Biodiversity & Conservation

, Volume 14, Issue 11, pp 2743–2755 | Cite as

Cofán Indians’ Monitoring of Freshwater Turtles in Zábalo, Ecuador

  • Wendy R. TownsendEmail author
  • A. Randall Borman
  • Eduardo Yiyoguaje
  • Luis Mendua


The Cofán Indians of Aguarico and Zábalo Rivers in Ecuador in 1990 began a turtle recuperation effort by raising turtle hatchlings (Podocnemis expansa and P. unifilis) in small pools. To evaluate the effectiveness of this program, the Cofán developed and tested three methods to document changes in the populations of turtles. The first method consisted of interviews with people from neighbouring communities about their perceptions of changes in turtle abundance. The second method was a direct count of turtles observed along the rivers from canoe. The third method was an indirect count, involving turtle nest censusing along community beaches. Two of the methods yielded numerical, statistically positive turtle population trends. The turtle program has influenced the community's perception of turtle conservation issues so that, instead of hunting the adults and eggs, they now protect them. The training in record-keeping permits them to make a transparent history of the equitability of access to the turtle egg resource. The Cofán monitoring experience strengthened their successful petition to the Ecuadorian government for the rights to manage their territorial lands within the Cuyabeno Wildlife Reserve, and to receive protected area status and management rights to other ancestral lands. The experience gained by the Zábalo monitors is now serving as a model for the design and implementation of the park monitoring system of the newly-established Cofán Park Ranger Corps, which will be patrolling three Ecuadorian Ecological Reserves which overlap Cofán inhabited areas.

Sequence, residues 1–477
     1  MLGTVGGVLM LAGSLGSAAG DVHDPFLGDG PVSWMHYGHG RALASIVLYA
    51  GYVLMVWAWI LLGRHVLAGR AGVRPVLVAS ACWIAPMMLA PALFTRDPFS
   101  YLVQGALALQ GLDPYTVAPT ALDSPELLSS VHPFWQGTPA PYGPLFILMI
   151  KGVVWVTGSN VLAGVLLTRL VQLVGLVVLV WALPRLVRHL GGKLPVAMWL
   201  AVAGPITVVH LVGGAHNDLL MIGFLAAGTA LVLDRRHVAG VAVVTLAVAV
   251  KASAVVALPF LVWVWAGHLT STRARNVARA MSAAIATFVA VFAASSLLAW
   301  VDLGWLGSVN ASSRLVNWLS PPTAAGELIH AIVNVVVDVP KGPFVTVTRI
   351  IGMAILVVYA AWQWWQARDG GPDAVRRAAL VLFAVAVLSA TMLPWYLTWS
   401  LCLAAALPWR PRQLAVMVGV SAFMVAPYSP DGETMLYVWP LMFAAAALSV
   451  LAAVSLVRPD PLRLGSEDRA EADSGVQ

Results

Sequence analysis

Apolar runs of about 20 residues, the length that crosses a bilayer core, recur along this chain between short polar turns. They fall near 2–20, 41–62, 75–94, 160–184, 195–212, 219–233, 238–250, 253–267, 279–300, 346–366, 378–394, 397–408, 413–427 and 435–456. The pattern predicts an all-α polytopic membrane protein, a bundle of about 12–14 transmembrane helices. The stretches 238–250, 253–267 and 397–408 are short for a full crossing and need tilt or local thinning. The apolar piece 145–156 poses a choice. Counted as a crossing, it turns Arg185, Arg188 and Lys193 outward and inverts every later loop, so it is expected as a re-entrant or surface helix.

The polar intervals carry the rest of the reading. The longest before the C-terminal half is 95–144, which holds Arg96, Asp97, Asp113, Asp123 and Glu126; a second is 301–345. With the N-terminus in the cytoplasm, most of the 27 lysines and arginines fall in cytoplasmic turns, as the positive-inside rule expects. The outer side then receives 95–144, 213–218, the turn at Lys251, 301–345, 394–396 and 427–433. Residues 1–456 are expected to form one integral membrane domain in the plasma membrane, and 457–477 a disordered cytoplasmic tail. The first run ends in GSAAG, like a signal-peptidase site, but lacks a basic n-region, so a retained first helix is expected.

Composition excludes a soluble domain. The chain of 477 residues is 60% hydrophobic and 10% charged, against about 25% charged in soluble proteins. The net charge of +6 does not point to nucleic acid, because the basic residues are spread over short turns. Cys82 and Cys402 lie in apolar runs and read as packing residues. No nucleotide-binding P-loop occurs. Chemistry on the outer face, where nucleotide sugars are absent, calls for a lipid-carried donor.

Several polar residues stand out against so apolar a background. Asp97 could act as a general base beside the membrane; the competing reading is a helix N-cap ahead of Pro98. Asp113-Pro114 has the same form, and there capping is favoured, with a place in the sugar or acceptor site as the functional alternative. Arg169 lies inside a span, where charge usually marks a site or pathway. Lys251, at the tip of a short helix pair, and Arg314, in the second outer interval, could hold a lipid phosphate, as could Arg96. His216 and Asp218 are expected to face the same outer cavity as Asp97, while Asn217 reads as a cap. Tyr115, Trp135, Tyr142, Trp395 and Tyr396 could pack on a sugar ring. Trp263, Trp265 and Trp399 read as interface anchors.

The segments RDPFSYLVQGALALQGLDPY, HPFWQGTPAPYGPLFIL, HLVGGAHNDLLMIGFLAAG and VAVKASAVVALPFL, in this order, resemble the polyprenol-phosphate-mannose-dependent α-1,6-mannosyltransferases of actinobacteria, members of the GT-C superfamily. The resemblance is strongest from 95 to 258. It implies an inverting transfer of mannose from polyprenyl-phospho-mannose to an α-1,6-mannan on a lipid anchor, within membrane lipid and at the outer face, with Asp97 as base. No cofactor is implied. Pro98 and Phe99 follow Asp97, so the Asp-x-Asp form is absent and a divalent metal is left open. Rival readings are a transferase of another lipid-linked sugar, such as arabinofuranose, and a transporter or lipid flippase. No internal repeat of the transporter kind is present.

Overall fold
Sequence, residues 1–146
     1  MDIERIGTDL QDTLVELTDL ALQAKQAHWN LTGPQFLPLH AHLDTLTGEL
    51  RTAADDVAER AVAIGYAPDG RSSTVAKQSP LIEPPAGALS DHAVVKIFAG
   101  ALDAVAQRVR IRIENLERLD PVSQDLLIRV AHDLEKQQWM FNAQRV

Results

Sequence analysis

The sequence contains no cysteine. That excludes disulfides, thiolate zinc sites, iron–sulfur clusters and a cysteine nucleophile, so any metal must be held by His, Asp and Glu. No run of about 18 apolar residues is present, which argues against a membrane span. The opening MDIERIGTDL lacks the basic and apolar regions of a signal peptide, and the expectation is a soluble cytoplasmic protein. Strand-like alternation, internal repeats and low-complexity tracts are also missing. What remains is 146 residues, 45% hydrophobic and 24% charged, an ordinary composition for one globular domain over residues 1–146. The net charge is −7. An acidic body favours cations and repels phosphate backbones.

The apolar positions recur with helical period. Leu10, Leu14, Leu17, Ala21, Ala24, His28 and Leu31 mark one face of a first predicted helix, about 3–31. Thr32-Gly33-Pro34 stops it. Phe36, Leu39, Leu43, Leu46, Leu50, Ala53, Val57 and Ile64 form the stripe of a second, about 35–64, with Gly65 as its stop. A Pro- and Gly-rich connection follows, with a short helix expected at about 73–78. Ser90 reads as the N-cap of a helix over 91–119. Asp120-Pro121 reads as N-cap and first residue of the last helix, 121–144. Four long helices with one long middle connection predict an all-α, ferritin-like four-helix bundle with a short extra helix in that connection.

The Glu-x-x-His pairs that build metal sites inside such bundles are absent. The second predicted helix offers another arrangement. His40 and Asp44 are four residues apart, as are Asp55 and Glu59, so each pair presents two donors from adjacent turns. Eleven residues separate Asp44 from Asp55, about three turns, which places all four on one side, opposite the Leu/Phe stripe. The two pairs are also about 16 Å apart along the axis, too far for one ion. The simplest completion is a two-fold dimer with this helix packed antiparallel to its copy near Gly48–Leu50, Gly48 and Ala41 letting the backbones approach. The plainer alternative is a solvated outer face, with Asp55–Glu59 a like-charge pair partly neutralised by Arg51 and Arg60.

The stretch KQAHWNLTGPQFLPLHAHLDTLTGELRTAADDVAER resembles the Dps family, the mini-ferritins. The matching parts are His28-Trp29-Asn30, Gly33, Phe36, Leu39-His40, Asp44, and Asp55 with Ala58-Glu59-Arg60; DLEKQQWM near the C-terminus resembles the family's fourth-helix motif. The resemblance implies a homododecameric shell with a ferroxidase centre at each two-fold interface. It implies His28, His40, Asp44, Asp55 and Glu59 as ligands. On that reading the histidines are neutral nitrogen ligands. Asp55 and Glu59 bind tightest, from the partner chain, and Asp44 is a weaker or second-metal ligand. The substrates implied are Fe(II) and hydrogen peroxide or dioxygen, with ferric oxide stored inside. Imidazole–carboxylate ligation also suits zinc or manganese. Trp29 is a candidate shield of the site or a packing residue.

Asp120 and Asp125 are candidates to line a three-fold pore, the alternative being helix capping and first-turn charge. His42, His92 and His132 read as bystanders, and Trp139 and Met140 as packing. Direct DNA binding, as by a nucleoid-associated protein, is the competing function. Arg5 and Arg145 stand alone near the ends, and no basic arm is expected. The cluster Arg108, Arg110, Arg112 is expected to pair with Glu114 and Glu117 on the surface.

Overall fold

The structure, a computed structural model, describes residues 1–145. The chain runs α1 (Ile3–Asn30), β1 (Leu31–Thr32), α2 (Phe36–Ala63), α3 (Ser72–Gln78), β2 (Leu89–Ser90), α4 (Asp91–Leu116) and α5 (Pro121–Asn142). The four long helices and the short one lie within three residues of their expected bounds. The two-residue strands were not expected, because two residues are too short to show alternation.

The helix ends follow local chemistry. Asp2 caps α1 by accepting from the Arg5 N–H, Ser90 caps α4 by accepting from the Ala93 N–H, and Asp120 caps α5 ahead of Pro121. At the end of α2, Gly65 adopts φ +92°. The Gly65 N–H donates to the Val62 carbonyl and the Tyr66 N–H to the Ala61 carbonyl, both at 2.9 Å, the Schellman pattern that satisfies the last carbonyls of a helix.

Amazon river turtles Cofán Community-based monitoring Ecuador Freshwater resources Locally-based monitoring Podocnemis expansa Podocnemis unifilis Zábalo River 


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Copyright information

© Springer 2005

Authors and Affiliations

  • Wendy R. Townsend
    • 1
    Email author
  • A. Randall Borman
    • 2
  • Eduardo Yiyoguaje
    • 2
  • Luis Mendua
    • 2
  1. 1.The Field MuseumChicago, Santa CruzBolivia
  2. 2.Cofán Survival FundQuitoEcuador

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